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Ancient humans likely mixed it up

University of Arizona researchers used a simulation model to show that DNA from Homo sapiens contains pieces from archaic human types.

Before anatomically modern humans migrated out of Africa, they interbred with more archaic hominin forms such as Homo habilis and Homo erectus, a team of University of Arizona researchers has found.

The researchers used simulations to predict what ancient DNA sequences would look like had they survived within the DNA of our own cells, and found evidence that anatomically modern humans were not so unique that they remained separate.

Michael Hammer, who led the team, said:

We found evidence for hybridization … It looks like our lineage has always exchanged genes with their more morphologically diverged neighbors.

Artist’s illustration of Homo erectus. A new study indicates that anatomically modern humans interbred with other hominins 20,000 – 60,000 years ago. Image Credit: Henry Gilbert and Kathy Shick

Results of the study appear in a 2011 issue of the Proceedings of the National Academy of Sciences.

It is widely accepted that Homo sapiens originated in Africa and eventually spread throughout the world. But did those early humans interbreed with more ancestral forms of the genus Homo – for example Homo erectus, the “upright walking man,” Homo habilis, the “tool-using man” or Homo neanderthalensis, the first artists of cave-painting fame?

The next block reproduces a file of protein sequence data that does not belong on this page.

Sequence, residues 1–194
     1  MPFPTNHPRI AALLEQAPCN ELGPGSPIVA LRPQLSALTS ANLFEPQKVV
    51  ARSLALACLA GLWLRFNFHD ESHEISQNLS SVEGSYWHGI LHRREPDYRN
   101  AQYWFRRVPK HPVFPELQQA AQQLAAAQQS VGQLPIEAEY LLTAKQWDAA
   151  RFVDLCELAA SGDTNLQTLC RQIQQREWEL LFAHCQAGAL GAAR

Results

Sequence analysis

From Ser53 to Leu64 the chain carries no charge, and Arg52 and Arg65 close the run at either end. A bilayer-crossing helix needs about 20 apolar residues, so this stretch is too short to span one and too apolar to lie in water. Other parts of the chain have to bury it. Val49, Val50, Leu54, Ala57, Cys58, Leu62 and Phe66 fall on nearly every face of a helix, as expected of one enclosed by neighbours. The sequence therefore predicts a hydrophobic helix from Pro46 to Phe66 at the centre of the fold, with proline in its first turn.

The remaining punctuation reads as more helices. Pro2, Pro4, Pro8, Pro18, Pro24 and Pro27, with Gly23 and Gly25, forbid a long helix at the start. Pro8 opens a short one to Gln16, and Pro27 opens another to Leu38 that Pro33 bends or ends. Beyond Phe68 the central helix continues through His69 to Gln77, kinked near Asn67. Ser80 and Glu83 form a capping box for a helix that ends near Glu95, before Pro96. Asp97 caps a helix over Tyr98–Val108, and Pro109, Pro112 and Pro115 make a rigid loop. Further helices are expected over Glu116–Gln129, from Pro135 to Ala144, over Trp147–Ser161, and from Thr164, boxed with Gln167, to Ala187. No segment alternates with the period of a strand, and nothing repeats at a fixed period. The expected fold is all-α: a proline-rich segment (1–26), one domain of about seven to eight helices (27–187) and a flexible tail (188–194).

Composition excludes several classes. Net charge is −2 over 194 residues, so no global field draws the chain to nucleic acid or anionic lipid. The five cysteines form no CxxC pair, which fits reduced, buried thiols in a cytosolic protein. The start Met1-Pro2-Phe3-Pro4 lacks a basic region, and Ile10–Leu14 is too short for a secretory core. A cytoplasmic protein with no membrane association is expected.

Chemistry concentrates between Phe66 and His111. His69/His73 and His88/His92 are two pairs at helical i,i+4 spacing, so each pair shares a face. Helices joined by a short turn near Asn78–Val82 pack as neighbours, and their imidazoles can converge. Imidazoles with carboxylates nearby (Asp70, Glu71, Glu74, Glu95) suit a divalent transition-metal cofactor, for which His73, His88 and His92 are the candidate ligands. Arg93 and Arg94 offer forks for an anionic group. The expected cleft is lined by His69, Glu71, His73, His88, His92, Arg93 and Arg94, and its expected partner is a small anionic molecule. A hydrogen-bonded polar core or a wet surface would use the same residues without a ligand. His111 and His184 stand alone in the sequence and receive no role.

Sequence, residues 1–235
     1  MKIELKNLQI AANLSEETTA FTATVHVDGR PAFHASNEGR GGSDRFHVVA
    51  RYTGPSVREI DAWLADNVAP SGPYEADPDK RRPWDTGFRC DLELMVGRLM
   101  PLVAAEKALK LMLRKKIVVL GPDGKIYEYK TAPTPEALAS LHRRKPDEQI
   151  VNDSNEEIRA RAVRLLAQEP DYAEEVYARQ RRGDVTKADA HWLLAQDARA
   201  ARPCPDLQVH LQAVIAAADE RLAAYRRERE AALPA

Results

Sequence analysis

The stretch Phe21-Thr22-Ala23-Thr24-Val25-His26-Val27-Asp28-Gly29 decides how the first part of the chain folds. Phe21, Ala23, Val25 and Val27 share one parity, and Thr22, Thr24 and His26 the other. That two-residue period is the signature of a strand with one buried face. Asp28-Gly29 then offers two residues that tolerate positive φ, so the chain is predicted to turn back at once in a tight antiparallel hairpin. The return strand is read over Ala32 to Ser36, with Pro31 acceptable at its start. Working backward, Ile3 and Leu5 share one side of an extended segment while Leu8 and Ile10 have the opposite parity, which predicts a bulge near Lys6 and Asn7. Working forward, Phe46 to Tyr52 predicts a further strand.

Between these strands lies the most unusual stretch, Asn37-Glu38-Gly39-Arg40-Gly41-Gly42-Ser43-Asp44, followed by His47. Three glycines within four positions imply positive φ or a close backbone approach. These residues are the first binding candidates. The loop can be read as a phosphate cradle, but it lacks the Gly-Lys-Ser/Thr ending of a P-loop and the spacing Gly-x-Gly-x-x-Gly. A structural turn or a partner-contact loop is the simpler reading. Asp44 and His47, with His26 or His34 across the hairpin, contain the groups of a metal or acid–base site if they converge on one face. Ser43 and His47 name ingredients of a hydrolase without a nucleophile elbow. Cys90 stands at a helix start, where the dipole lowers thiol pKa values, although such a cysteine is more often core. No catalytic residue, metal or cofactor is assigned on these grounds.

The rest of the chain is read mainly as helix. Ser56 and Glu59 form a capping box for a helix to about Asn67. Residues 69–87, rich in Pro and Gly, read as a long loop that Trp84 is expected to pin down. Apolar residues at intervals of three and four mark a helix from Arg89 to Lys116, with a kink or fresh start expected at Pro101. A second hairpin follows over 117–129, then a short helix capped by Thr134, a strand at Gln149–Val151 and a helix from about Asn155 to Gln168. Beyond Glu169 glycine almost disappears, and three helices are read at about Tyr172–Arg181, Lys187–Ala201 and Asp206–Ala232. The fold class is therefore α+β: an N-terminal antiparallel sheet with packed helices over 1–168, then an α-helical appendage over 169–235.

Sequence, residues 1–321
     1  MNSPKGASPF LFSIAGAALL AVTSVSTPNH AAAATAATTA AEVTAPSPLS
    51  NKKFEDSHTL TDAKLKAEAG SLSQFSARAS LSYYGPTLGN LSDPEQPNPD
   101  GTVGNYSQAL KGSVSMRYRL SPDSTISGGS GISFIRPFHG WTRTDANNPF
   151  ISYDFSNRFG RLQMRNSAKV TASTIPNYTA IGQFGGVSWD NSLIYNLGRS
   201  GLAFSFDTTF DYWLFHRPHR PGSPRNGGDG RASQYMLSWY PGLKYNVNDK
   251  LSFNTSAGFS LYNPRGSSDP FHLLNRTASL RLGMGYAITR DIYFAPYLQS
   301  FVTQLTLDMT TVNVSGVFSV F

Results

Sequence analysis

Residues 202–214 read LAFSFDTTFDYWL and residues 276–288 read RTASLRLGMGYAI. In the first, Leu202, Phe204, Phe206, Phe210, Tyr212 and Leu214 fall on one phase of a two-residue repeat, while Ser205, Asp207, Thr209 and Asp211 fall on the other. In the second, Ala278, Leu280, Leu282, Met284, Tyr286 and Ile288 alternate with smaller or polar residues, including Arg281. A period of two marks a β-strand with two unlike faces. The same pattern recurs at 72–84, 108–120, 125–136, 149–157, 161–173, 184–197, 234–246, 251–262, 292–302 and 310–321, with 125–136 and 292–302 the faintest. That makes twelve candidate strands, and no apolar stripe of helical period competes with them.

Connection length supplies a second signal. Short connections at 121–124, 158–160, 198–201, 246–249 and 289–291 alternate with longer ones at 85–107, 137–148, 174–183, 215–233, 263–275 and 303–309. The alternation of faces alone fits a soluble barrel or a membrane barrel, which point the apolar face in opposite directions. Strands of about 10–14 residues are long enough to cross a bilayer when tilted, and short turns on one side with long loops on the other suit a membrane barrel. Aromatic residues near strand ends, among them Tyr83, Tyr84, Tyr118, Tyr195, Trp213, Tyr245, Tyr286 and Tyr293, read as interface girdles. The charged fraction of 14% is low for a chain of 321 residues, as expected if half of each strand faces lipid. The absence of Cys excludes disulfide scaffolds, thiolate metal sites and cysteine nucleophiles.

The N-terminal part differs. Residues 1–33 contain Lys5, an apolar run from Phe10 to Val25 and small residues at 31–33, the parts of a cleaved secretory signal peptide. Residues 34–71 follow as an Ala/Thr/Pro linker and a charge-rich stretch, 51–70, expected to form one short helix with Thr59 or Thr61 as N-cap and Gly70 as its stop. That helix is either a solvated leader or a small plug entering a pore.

Homo erectus was probably the first human to live in a hunter-gatherer society. Image Credit: Philip72

DNA studies of Neanderthal bones suggest interbreeding did occur after anatomically modern humans had migrated from their evolutionary cradle in Africa to the cooler climates of Eurasia, but what had happened in Africa remained a mystery – until now.

Hammer explained that recent advances in molecular biology have made it possible to extract DNA from fossils tens of thousands of years old and compare it to that of modern counterparts. But he said climate makes a big difference in finding DNA to study:

We don’t have fossil DNA from Africa to compare with ours. Neanderthals lived in colder climates, but the climate in more tropical areas makes it very tough for DNA to survive that long, so recovering usable samples from fossil specimens is extremely difficult if not impossible.

So Hammer’s team followed a computational and statistical approach, looking at DNA from modern humans belonging to African populations and then searching for unusual regions in the genome.

Homo habilis was dissimilar to modern humans, being shorter and having disproportionately long arms. H. habilis may have coexisted with Homo erectus in Africa for a period of 500,000 years. Fossil evidence suggests that H. habilis was a staple in the diet of large predatory animals. Image Credit: Lillyundfreya

Because nobody knows the DNA sequences of those now-extinct archaic forms, Hammer’s team first had to figure out what features of modern DNA might represent fragments that were brought in from archaic forms. He said: